Israel: Sea of Galilee earthquakes triggered by excessive water pumping
By Michael Price
One evening in September 2013, windows rattled and ceiling fans swayed in northeastern Israel as a small earthquake rumbled beneath the Sea of Galilee—the water Jesus is said to have walked on—also known as Lake Kinneret. Four more tremors struck over the next 4 days. Then, in July 2018, a dozen small earthquakes shook the same spot beneath the lake on a fault—the slip surface along which an earthquake ruptures.
Although far more powerful earthquakes have struck the Levant, swarms such as these are rare and mysterious. A new study suggests human activity is to blame. Pumping too much water from the region too quickly may have “unclamped the fault,” the authors argue. And, they add, Californians and others living above major faults better pay attention, lest a similar appetite for water trigger a far larger, more dangerous quake.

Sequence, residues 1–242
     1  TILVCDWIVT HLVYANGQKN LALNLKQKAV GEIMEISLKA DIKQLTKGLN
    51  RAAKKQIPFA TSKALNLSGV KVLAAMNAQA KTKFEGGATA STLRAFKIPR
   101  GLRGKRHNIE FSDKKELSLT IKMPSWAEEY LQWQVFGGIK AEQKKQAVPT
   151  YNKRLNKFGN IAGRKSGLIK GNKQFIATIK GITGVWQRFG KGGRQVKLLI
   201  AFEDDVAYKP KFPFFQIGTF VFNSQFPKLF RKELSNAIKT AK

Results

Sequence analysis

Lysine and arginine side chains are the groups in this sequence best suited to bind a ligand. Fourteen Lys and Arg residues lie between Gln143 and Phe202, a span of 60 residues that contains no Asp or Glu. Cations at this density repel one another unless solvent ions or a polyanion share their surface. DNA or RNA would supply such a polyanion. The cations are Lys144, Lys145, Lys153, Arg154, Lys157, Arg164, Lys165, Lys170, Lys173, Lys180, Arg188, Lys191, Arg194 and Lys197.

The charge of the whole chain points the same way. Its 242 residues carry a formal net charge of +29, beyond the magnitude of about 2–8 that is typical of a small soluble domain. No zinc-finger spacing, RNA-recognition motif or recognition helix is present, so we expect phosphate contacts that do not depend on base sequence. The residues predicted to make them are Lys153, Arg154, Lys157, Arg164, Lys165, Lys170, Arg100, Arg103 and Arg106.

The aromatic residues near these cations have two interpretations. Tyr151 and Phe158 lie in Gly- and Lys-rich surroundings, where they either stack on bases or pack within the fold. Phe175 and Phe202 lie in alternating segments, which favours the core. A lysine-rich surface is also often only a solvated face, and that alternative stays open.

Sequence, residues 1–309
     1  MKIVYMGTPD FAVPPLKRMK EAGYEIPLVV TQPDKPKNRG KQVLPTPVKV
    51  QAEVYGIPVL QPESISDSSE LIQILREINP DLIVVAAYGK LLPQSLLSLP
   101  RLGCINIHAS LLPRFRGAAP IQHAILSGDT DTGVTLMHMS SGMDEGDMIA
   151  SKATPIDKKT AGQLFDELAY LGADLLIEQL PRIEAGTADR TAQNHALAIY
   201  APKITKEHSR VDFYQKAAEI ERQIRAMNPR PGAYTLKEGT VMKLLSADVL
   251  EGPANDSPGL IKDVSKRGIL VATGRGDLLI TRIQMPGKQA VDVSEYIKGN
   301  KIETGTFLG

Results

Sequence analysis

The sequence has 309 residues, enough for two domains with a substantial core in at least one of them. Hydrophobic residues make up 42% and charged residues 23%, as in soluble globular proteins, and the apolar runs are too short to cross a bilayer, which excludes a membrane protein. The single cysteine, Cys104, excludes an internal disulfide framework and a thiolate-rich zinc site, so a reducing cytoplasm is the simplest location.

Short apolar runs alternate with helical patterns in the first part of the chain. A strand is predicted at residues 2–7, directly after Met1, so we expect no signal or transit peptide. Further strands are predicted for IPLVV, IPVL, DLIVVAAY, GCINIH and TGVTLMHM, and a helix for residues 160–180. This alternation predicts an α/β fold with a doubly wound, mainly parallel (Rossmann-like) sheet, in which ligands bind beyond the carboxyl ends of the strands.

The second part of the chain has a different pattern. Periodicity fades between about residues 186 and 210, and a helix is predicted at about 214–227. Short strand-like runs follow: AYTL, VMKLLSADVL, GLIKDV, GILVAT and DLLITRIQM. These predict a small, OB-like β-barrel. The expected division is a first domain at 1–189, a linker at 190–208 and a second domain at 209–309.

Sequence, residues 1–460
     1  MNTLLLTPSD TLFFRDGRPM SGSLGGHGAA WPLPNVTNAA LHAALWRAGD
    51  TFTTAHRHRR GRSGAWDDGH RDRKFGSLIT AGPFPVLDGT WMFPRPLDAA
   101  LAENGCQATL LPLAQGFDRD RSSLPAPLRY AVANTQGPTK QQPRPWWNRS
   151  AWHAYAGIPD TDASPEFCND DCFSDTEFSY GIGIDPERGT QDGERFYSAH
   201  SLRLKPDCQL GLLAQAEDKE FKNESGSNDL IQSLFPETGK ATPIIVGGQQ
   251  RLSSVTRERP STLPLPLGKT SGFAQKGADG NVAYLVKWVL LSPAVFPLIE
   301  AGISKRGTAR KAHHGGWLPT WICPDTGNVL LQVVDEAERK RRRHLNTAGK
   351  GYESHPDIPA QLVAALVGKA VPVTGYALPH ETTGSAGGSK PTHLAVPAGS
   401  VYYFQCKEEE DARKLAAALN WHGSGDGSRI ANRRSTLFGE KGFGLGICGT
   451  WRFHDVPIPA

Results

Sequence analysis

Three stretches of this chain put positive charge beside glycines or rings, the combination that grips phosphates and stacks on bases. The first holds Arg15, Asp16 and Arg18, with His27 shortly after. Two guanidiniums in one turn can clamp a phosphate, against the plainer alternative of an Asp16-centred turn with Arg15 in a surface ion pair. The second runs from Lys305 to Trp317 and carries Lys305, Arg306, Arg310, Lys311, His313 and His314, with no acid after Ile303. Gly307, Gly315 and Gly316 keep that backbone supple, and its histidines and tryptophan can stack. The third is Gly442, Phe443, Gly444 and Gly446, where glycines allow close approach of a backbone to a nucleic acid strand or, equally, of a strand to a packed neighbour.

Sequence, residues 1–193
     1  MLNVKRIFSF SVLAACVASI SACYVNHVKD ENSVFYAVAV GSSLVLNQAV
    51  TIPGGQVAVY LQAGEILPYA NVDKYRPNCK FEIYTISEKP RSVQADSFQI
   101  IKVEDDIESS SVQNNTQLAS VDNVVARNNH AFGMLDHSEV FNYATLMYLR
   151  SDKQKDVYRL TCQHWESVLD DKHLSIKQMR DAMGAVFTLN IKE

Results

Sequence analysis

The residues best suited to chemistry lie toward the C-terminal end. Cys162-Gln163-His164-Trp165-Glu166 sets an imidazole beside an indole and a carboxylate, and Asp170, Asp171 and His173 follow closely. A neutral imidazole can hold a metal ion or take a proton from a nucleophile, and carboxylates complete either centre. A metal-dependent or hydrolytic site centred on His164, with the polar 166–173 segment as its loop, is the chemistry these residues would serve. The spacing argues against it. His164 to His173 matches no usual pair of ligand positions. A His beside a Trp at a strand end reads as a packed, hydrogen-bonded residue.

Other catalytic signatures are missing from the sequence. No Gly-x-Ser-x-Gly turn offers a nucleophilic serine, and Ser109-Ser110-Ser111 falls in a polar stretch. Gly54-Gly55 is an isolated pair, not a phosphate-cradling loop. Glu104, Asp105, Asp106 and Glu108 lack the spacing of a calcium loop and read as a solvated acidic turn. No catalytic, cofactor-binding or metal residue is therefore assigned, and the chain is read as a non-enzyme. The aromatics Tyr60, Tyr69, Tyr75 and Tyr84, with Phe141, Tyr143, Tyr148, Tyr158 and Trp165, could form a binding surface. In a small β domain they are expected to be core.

Researchers have long known that humans can cause earthquakes by injecting fluid into the ground—a technique used in hydraulic fracturing, or fracking, to break open rocks and release natural gas or petroleum. Pumping water into geothermal vents to generate steam for heating and electricity has also triggered temblors. But earthquakes set off by pumping fresh water out of underground aquifers haven’t received much attention, says study co-author Emily Brodsky, a seismologist at the University of California (UC), Santa Cruz. “This is not the first example of groundwater extraction triggering earthquakes, but it’s uncommon,” she says.
Injecting water into aquifers is thought to trigger earthquakes by increasing the water pressure in pores within the rocks, lubricating faults and allowing them to slip more easily. But how might removing groundwater trigger an earthquake swarm? In a paper published last week in Geophysical Research Letters, the authors suggest a model in which extracting groundwater reduces the gravitational load on a fault—lessening the forces that push rocks on either side of the fault together to keep it locked. “Pulling the water out allows the rocks to kind of relax away from one another, and therefore unclamps the fault,” Brodsky explains.
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